Act-out and intermodal preferential looking (IPL) tasks were administered to 67 English children aged 2-0, 2-9 and 3-5 to assess their comprehension of canonical SVO transitive word order with both familiar and novel verbs. Children at 3-5 and at 2-9 showed evidence of comprehending word order in both verb conditions and both tasks, although children at 2-9 performed better with familiar than with novel verbs in the act-out task. Children at 2-0 showed no evidence of comprehending word order in either task with novel verbs; with familiar verbs they showed competence in the IPL task but not in the act-out task. The difference in performance for familiar and novel verbs from the same children at 2-0, on the IPL task, and at 2-9, on the act-out task, is consistent with the hypothesis that early linguistic/cognitive representations are graded in strength, with early representations still weak and very task dependent. However, these representations also become more abstract with development, as indicated by the familiarity effect even in the more sensitive IPL task. © 2009 Elsevier Inc. All rights reserved.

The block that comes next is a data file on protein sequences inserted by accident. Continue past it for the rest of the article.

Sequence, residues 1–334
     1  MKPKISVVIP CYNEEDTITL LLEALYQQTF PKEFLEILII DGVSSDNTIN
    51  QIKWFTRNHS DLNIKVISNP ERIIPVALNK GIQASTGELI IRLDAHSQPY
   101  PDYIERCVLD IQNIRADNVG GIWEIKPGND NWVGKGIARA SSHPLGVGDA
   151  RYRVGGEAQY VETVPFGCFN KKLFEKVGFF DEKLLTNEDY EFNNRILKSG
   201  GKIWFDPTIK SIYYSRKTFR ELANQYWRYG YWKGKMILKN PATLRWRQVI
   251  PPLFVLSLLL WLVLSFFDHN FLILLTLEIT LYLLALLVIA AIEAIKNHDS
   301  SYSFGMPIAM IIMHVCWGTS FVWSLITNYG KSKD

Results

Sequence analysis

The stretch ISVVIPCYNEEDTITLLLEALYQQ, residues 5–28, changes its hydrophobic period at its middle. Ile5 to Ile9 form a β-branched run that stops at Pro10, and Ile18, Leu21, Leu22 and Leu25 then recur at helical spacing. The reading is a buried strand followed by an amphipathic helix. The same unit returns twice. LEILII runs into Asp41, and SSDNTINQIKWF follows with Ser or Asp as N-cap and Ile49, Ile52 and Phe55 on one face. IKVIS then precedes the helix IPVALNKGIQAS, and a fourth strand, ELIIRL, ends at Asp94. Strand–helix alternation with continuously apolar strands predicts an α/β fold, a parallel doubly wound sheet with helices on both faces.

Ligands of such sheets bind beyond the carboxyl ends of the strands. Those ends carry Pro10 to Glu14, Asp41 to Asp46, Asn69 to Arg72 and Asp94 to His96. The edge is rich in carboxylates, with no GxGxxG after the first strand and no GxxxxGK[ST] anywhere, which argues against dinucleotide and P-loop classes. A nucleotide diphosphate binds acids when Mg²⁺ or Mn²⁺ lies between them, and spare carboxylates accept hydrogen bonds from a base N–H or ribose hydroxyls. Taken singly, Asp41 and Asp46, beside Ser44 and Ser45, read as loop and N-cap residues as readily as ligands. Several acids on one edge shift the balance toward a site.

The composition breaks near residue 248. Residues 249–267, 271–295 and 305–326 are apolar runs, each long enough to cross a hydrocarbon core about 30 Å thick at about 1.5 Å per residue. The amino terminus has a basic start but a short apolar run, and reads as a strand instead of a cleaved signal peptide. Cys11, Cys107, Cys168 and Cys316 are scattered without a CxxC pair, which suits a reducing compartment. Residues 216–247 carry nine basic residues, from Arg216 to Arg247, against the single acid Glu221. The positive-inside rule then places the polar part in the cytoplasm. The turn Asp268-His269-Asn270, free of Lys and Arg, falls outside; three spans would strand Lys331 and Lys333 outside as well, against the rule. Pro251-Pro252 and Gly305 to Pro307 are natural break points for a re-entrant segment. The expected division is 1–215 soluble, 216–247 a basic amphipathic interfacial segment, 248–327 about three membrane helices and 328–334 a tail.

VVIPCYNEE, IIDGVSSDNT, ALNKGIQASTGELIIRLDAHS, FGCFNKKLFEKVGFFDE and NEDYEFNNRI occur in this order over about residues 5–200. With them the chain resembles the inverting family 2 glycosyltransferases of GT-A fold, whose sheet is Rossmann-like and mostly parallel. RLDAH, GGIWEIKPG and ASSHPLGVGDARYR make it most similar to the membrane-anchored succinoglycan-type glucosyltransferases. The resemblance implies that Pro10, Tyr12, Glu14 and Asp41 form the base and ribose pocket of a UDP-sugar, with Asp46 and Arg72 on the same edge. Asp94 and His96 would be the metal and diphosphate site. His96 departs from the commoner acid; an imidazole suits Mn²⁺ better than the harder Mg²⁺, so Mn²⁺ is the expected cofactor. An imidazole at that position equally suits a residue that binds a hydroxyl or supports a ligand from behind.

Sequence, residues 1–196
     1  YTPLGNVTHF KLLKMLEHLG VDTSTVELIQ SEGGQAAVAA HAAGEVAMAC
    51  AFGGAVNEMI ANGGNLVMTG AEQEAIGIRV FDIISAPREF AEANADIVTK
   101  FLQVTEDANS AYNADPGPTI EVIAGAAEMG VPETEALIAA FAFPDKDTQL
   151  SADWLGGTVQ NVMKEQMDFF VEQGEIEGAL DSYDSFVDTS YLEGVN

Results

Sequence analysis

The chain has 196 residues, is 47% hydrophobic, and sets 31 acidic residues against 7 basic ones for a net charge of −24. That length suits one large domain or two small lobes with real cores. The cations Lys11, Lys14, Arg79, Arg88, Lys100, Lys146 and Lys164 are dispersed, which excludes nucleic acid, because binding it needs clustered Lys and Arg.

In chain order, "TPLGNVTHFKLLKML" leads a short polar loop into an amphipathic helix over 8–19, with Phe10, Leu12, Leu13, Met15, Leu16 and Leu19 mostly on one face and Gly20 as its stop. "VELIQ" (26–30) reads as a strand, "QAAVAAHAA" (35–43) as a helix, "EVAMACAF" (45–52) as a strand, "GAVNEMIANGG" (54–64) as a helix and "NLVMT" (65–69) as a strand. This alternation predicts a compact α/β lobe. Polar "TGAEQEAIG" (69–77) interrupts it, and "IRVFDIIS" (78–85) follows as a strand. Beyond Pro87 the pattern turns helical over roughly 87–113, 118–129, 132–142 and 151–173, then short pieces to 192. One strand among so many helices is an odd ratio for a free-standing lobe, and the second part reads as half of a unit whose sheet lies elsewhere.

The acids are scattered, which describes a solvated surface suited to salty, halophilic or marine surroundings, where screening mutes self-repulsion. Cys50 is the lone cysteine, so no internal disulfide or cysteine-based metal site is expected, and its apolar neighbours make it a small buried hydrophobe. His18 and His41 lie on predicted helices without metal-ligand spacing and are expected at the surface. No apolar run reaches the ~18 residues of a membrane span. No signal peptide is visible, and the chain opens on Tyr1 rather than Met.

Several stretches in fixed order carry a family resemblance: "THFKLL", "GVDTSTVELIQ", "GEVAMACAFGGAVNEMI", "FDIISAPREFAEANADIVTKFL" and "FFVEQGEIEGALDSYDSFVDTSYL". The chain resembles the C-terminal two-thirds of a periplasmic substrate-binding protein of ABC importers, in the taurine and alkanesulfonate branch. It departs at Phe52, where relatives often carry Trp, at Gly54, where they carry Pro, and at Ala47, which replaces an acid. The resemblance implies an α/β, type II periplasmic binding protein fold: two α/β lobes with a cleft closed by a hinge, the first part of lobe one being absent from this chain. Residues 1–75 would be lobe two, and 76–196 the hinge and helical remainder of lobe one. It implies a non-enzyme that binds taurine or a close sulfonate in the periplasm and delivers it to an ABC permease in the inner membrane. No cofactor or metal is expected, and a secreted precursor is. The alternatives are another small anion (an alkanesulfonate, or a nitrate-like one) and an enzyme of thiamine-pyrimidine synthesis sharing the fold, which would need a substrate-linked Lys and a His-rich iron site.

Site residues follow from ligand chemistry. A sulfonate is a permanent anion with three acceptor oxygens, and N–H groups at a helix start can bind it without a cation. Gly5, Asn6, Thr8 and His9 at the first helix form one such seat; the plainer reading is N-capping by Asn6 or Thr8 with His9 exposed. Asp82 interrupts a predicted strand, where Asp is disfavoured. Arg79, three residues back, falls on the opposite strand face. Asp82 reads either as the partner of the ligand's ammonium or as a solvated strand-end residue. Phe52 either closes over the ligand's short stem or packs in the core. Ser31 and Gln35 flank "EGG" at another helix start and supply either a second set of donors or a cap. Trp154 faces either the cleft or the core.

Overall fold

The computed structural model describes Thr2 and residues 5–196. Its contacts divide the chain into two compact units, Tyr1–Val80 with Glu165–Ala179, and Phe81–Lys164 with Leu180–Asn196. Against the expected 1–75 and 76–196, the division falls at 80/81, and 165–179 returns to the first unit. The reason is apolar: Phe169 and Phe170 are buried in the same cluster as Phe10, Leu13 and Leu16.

|Number of pages||15|
|Publication status||Published - Jan 2010|
- Early linguistic/cognitive representations
- Intermodal preferential looking
- Word order comprehension